The other day, I spent some hours doing research for my Big Project in a downtown library. This library is a very, very quiet one. If you turn your pages too loudly, you get murderous stares from the librarians and the aides and anyone else in the place. I tried to open a piece of butterscotch and that was not gonna happen. The moment I pulled it out of my purse, two people looked over at me like, “Really? Really, with the candy?

So you can imagine the shock when I heard a very loud “knock-knock-knock!” It was a pronounced rapping on a wooden door: “Knock-knock-knock!” The library’s main reading room is a rotunda with storage spaces off its main floor and inside the round room are bays and stacks and shelves. You can’t really get lost in there but there are alcoves. There are nooks. What I’m trying to say is that I couldn’t where the knock was coming from.

I looked up when it happened. The gal at the next table over looked up. The squinchy library aide looked up and looked annoyed. No one came in or out, though, and there was no sound of a door opening or closing. But whatever. We all went back to our researching or our homework or our squinching.

Then it happened again, about five minutes later: “Knock! Knock! Knock!”

The gal and I looked at each other. Where was the knock coming from? I whispered, “That’s a knock, right? Someone is knocking.” She nodded and looked about. I got up and peered around our immediate vicinity and into the alcoves nearby. I spied an elevator; I hadn’t noticed it before. Maybe someone couldn’t get out of the elevator! I went over to it and pushed the button. But when the doors opened, the elevator was empty.

I decided the knocking was definitely the work of a library ghost. Hey, there was a library ghost in Ghostbusters. It happens all the time, people. And the moment I thought about there being a real-life (-death) library ghost, my brain went into Edgar Allen Poe mode, dreaming up storms and candles blowing out in the wind, of doomed lovers who die writing poetry in the library and haunt it forever. I imagined a gloomy scholar trapped in the stacks!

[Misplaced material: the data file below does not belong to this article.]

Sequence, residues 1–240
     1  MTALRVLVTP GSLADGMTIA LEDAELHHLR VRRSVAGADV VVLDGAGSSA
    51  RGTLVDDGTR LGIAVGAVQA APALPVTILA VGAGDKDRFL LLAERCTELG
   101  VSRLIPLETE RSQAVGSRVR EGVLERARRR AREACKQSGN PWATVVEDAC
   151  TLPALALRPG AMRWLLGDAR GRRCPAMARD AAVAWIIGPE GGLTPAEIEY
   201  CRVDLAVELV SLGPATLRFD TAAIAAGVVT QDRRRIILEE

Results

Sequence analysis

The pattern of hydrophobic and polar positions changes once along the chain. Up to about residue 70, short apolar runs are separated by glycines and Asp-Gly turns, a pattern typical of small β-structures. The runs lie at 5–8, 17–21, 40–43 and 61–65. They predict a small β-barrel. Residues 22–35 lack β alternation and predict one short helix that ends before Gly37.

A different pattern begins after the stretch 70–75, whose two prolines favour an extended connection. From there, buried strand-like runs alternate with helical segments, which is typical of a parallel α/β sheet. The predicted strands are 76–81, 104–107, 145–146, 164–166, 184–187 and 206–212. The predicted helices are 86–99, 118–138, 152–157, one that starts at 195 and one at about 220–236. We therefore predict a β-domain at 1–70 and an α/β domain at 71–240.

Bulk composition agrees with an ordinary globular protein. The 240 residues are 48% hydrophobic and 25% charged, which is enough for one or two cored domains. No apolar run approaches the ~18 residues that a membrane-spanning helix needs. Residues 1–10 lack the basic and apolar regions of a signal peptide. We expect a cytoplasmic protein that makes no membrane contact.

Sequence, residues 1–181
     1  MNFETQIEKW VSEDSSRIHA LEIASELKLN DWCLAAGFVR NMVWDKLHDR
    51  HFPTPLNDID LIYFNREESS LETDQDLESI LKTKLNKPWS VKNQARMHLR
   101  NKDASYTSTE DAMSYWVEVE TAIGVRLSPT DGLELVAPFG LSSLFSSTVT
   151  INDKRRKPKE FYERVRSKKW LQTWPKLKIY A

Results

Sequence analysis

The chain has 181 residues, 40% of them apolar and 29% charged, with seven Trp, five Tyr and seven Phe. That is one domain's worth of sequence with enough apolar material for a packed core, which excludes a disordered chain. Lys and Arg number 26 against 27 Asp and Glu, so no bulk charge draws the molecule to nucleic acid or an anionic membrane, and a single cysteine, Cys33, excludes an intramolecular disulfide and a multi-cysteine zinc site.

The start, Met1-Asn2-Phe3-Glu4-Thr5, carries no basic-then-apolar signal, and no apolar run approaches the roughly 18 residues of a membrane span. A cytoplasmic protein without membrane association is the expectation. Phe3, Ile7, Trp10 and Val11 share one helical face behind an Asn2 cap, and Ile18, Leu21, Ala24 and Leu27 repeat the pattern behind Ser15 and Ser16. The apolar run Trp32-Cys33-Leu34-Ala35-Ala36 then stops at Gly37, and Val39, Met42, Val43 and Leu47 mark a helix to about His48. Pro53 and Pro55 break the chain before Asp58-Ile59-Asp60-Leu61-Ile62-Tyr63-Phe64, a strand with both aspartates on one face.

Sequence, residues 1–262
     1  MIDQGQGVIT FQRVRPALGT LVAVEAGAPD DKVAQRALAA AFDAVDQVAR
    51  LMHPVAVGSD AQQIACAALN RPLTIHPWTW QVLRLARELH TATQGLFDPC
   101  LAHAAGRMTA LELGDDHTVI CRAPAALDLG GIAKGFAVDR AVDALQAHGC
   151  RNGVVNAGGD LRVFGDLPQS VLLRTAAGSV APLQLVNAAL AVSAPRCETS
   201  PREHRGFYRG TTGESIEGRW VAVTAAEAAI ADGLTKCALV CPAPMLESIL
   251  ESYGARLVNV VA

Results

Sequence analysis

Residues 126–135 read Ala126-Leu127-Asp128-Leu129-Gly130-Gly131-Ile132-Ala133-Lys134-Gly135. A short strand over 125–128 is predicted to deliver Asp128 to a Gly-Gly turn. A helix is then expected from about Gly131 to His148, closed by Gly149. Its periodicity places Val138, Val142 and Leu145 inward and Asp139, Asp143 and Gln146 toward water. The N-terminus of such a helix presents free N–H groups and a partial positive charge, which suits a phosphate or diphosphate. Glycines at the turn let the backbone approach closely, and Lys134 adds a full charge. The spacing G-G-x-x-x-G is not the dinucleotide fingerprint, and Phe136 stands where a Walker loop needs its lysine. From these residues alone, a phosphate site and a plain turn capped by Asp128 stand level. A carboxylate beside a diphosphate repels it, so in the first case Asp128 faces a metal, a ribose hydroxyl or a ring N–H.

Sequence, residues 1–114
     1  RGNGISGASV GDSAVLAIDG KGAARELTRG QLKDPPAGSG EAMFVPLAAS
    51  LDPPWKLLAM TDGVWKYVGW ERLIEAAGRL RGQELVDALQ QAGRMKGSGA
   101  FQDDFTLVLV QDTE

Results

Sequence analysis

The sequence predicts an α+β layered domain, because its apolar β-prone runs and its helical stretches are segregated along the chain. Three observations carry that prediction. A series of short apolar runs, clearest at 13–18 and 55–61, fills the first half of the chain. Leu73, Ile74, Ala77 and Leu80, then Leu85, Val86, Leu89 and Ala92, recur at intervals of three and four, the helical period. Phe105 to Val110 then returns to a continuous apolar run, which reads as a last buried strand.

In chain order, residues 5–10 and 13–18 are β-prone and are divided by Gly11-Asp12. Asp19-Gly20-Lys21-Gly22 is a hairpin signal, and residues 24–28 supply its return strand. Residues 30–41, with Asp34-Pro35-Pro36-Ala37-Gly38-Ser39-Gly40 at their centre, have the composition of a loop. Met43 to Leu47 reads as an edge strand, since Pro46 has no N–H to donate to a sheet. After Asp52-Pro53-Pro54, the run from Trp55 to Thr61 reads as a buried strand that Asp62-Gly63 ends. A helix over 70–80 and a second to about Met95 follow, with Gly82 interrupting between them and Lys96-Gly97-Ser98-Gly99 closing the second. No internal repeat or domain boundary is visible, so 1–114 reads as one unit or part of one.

When I got back to my chair, the gal at the next table over widened her eyes a little and made a face like, “Okay, this is all super creepy.” And before I had time to think better of it, I whispered to her:

“One imagines someone trapped in the stacks!”

It just came out that way. I told you: I was in Poe Mode!

The girl looked at me like, “Ooo-kay. Let’s not pursue small talk.” But she didn’t have to worry; I had a lot of research to do and I needed to be available for the ghost if he needed anything.

 

Oh, Angela: Reading On The Couch.

posted in: Art, Sicky, Word Nerd | 21
Pre-1940s farmer's market, Ireland. Image: Wikipedia.
Irish farmer’s market, c. 1938. Image: Wikipedia.

 

It’s not like I’ve been flat on my back. Well, okay. Today I was flat on my back.

My day consisted of 2.5 naps and 2.3 bowls of miso soup with udon noodles. The naps happened because I am spooky tired and can’t seem to keep my eyes open. The udon happened because my weak hemogoblins are demanding quick carbohydrates. Normally I stay away from the demon noodle, but these are desperate times. As a result of all this drowsy noodle eating, I feel sort of worse than I did when I woke up. I’ve got that sick-in-bed noodle daze thing going on, you know?

Not every day in the past week has been like this, but there have been long hours on the couch or in bed. It’s very hard for me to allow myself to spend hours this way, but what can I do?